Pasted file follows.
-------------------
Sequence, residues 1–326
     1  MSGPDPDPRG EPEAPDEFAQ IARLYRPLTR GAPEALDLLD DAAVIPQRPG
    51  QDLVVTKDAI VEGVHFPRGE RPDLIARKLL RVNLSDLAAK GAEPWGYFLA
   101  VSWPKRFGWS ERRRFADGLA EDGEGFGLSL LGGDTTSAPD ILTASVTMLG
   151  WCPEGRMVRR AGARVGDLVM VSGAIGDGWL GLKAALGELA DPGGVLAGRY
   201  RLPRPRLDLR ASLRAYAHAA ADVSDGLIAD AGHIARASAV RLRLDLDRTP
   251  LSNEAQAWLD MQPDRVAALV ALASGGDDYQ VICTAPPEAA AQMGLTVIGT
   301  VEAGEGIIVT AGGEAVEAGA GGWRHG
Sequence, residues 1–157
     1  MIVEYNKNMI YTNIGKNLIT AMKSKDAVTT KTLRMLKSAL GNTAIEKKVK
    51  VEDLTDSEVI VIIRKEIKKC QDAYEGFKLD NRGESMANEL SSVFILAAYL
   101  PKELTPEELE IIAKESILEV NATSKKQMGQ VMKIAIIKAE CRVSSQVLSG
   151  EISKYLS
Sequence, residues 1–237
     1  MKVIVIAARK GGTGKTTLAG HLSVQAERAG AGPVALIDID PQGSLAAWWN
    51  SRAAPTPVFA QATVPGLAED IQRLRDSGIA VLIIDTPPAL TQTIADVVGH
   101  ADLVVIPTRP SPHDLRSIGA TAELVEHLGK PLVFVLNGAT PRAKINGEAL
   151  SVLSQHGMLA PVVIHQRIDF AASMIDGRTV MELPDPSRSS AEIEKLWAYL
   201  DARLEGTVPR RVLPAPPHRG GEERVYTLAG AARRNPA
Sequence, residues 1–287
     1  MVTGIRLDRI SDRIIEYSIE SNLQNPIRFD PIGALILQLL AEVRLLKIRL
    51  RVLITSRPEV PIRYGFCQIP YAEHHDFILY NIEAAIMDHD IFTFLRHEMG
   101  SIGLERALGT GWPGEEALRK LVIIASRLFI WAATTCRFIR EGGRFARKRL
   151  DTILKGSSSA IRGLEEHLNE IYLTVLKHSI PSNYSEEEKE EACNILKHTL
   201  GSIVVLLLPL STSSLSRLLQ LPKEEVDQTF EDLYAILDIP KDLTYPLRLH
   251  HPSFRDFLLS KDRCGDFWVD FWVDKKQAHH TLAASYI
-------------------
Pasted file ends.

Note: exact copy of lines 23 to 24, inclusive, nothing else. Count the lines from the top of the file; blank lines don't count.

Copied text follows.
   101  SIGLERALGT GWPGEEALRK LVIIASRLFI WAATTCRFIR EGGRFARKRL
   151  DTILKGSSSA IRGLEEHLNE IYLTVLKHSI PSNYSEEEKE EACNILKHTL